On November 11, the Royal Mint launched the Britannia .9999 fine gold and .999 fine silver bullion coin range for 2017, heralding what will be a very special year for the allegorical personification of Britain. Next year will mark 20 years since silver Britannia bullion coins featured sculptor Philip Nathan’s design, and 30 years since it was first struck on the gold Britannia bullion coin.

Britannia, now woven into Britain’s heritage, first appeared on British coinage in 1672 during the reign of Charles II, and her presence on circulating coins was consistent until 2008. She has since been reintroduced to our circulating coinage as the reverse design on the definitive £2 coin introduced last year.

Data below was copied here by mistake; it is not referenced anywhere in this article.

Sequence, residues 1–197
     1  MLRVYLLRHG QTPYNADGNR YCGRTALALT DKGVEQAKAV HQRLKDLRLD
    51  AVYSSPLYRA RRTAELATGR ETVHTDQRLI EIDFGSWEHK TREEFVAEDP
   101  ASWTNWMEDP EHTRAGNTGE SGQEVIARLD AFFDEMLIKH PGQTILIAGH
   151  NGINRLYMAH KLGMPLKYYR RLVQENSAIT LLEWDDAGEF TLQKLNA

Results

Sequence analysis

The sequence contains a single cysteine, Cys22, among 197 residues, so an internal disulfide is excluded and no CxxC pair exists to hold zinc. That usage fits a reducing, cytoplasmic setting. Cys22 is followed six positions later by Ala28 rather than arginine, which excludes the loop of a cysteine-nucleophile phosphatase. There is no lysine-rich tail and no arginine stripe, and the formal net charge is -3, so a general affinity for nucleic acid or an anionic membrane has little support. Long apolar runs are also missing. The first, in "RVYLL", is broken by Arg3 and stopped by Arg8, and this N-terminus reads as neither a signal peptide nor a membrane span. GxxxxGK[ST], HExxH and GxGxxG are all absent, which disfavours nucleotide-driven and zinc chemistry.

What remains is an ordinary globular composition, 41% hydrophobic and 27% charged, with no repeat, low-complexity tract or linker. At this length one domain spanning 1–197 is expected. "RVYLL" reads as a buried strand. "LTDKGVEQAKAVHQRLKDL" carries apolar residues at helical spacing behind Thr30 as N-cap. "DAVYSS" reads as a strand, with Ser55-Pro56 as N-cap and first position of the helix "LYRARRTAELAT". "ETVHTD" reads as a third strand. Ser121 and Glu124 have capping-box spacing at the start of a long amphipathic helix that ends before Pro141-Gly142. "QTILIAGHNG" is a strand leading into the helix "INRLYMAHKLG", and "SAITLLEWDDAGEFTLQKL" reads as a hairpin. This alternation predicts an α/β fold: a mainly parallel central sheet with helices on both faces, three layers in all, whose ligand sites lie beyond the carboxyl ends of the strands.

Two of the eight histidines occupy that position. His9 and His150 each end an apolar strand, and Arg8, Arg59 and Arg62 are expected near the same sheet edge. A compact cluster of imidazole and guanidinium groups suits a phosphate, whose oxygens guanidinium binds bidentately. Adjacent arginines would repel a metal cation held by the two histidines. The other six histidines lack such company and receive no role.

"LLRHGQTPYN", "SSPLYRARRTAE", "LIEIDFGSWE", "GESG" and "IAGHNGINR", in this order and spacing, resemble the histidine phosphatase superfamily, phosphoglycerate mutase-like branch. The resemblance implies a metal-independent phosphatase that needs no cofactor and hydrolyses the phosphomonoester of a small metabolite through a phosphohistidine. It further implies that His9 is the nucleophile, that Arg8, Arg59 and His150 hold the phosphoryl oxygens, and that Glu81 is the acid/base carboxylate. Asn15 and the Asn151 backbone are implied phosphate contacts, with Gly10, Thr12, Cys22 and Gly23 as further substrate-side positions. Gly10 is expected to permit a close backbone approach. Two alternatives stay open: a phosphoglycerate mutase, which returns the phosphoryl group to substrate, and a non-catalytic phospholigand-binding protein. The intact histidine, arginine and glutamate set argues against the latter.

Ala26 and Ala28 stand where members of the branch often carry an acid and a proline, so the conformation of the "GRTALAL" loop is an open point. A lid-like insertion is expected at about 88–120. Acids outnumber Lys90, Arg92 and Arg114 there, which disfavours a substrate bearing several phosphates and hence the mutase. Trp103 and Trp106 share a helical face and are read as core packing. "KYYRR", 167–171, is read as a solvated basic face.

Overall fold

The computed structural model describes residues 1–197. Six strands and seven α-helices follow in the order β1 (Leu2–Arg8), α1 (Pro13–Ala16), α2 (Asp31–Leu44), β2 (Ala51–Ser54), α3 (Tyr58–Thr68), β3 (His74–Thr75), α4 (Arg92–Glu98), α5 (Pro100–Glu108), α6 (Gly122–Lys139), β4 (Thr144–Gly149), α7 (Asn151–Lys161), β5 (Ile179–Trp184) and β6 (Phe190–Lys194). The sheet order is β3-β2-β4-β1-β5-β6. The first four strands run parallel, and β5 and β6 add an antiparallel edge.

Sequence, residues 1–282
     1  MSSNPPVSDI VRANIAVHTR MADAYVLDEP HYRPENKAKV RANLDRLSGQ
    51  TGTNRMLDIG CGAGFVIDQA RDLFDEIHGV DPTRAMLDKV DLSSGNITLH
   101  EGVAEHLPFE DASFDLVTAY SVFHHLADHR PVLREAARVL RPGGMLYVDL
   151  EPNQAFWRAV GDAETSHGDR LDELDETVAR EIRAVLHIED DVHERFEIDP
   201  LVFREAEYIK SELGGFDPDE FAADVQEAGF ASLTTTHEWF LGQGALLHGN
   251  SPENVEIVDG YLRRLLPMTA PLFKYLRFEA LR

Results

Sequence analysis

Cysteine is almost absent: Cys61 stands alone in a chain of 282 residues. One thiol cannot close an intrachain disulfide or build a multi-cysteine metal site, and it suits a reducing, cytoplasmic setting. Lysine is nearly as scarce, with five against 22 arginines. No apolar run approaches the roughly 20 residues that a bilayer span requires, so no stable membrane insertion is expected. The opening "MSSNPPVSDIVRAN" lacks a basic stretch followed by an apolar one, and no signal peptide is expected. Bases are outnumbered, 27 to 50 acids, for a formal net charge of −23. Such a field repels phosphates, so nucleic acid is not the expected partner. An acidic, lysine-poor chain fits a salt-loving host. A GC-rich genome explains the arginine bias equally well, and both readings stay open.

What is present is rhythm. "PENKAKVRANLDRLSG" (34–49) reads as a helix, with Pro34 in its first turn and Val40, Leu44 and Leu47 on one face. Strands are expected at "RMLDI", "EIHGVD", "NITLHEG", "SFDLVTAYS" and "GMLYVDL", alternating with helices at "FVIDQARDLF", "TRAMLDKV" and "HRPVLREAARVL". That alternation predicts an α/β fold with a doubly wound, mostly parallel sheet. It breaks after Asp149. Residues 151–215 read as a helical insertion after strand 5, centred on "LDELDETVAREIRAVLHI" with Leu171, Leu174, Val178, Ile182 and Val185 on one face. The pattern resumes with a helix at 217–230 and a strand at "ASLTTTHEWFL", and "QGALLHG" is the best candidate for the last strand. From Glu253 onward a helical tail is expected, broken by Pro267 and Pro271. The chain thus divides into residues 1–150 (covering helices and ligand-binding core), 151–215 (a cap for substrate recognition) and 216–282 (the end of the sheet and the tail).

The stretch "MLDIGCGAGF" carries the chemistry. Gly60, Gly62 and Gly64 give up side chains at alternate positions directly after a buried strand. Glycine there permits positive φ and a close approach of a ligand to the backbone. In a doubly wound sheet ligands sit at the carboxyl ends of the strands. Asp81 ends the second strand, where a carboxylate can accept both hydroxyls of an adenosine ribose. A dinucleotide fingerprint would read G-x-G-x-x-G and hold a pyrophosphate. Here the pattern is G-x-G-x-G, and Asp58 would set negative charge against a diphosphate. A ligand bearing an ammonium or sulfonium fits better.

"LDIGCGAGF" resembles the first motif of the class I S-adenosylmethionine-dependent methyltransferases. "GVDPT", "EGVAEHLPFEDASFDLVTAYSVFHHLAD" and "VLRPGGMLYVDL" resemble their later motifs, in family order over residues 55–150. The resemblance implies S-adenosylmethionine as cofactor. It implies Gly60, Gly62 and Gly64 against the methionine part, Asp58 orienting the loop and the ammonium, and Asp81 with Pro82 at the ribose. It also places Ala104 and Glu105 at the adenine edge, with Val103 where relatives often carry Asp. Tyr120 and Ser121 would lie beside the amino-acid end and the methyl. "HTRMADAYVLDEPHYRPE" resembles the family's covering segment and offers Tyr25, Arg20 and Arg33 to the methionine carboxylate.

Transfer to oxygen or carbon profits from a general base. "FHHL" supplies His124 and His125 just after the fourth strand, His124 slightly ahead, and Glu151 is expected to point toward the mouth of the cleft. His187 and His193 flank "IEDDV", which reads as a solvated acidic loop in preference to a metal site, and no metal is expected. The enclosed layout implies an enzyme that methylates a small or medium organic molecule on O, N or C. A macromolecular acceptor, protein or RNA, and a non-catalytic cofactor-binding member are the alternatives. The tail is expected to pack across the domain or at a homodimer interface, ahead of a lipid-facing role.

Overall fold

It was in 1987 when the United Kingdom’s first-ever purpose-struck gold bullion coins were minted, ostensibly as an alternative to the Krugerrand, the Maple Leaf, the Gold Eagle, and, to a lesser extent, the Gold Panda. The coin was produced in 22 carat gold, or .9167 fine, as opposed to a pure .9999 fineness. This was changed in 2013, when the fineness was increased to pure gold in an effort to compete with other bullion coins minted in this preferred pureness. Additionally, the new Britannia line of bullion coins were also available in fractional sizes of 1/2-, 1/4-, and 1/10-ounce sizes. The coins bore face values of £100 for the 1-ounce size, £50 for the 1/2-ounce, £25 for the 1/4-ounce, and £10 for the 1/10-ounce. In 2013, a 5-ounce bullion coin with a face value of £500 and a 1/20-ounce piece with a face value of £5 were added to the product range.

Source: Coin Update

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